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Aged care divide wrong

Some nurses consider working with the elderly is not 'real' nursing but nothing could be further from the truth, writes Peter Kieseker.

The implicit - and often explicit - message received during my study was: "Aged care - it's not real nursing." This care was apparently for those who themselves were only one step from moving from nurse to resident.

It wasn't real nursing; just baby-sitting with copious hygiene regimes. Real nursing was gung-ho procedures and fast critical thinking.

Well that might be so on television, but in the real world it seems to this writer that aged care comes closer to real nursing than one finds on the average ward in an urban hospital.

Jazwiec says it really well. Paraphrased she writes: "Healthcare, and especially nursing, was created to make people feel better. Even in its most basic, original form, it made people less anxious and more comfortable. It made a difference.

"Many say: 'No, healthcare was started to heal and cure'. But this is wrong.

"When healthcare first began, we didn't know how to heal and cure. All those first caretakers could do is make people more comfortable, help them feel better, and do a lot of praying that they hoped would make a difference." (Liz Jazwiec, Eat that Cookie, 2009).

In aged care often all that can be done is to give care and comfort, but this is the original and hopefully still the essence of nursing. When compared to ward nursing it is, arguably, aged care that is real nursing.

Consider the facts. Ward nursing in many instances resembles a conveyor belt of endless medications, observations, hygiene and ordered procedures. There is usually simply not enough time amidst all the tasks, and especially amidst all the paperwork, to truly see the individuality of each patient.

There is little time for the healing touches of meaningful conversation, reminiscence therapy, or even the moisturising of dry skin; and time to share a cup of tea with a patient is a fantasy. There is little time for the basic human connection that was once the soul of nursing.

Yet in age care the opportunity for such gentleness is often not only possible but it in fact forms a therapeutic cornerstone of the person-centred care that aged care nurses strive to deliver.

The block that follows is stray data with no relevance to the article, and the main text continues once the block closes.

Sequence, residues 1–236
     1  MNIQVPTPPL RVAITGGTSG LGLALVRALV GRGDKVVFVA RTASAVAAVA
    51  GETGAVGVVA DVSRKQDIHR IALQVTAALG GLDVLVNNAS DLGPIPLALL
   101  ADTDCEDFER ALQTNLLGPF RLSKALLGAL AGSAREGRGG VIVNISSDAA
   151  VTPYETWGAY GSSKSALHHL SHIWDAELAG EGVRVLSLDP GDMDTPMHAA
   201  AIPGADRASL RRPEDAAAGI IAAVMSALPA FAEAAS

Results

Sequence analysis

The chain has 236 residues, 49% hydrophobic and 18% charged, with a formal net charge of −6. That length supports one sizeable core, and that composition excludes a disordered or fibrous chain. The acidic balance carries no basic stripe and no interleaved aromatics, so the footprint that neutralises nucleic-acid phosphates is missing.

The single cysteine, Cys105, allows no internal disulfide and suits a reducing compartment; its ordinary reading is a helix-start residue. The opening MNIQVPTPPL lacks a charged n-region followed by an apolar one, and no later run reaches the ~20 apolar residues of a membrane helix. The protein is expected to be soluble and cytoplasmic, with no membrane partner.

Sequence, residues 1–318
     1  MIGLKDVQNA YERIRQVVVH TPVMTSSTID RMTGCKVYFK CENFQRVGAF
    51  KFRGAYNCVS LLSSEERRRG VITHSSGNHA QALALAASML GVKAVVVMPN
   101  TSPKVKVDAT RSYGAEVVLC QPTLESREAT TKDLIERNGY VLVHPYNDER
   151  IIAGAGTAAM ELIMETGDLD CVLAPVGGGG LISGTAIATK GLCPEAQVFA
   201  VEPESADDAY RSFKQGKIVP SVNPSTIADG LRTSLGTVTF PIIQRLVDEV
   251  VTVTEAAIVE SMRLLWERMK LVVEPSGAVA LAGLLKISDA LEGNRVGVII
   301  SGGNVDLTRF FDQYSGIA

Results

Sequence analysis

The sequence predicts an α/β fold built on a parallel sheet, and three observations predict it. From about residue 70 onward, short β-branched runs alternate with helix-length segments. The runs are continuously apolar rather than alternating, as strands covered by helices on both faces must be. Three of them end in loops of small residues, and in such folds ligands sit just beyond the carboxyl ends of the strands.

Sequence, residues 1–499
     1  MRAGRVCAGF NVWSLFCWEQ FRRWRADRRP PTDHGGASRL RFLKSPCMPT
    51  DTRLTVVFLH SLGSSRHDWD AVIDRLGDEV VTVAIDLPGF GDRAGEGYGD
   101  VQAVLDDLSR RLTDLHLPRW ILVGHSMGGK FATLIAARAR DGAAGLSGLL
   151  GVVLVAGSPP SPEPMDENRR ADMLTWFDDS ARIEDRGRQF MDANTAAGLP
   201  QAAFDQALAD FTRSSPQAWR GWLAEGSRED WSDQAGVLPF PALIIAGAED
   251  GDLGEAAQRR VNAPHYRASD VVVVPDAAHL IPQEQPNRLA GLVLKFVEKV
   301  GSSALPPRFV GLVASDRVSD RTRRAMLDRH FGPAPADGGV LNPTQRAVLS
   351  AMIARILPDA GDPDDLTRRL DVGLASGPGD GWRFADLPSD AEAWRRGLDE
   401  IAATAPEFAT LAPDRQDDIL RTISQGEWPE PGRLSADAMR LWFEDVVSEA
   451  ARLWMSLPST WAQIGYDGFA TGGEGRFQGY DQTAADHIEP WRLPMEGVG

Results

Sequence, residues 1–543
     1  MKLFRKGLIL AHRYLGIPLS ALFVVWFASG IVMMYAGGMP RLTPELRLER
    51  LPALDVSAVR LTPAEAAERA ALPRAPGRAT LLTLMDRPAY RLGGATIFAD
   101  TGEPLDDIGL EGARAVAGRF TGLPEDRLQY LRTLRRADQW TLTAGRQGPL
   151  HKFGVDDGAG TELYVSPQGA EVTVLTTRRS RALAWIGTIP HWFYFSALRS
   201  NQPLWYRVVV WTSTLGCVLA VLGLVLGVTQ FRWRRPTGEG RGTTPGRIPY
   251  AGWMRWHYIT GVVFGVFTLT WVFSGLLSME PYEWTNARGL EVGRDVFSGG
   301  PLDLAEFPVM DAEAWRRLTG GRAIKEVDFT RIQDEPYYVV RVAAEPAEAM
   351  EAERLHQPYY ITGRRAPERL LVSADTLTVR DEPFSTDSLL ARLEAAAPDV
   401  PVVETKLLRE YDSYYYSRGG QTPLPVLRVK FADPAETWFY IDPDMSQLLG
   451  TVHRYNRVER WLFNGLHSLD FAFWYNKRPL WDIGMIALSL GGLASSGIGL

Oh yes, says the haughty ward nurse, but there is little scope for critical thinking in aged care. Again, the facts. Ward nurses may do all the critical thinking they like, but the only autonomy they really have is to consult the doctor.

Most ward nurses, even with years of experience, can not initiate as much as a paracetamol table without written permission.

In contrast, it is the aged care nurse who most often makes the routine, and the critical decisions, in a nursing home. Nurse initiated medication and procedures are second nature to the aged care nurse. For these nurses there is no safety net of a ward doctor to call upon when in doubt.

It is the aged care nurse who most needs critical thinking to assess deterioration in a patient and to make and enact intervention decisions; decisions usually made alone or with only fellow nurses to consult with.

This is only an opinion but perhaps it is time that many in the profession ceased their condescending and often degrading comments of aged care nursing because it is in fact, very much real nursing.

Peter Kieseker is in the second half of a graduate transition year (mature age graduate). He is currently working on a medical ward at Caloundra Hospital and before that worked at an aged care/aged psychiatric facility.

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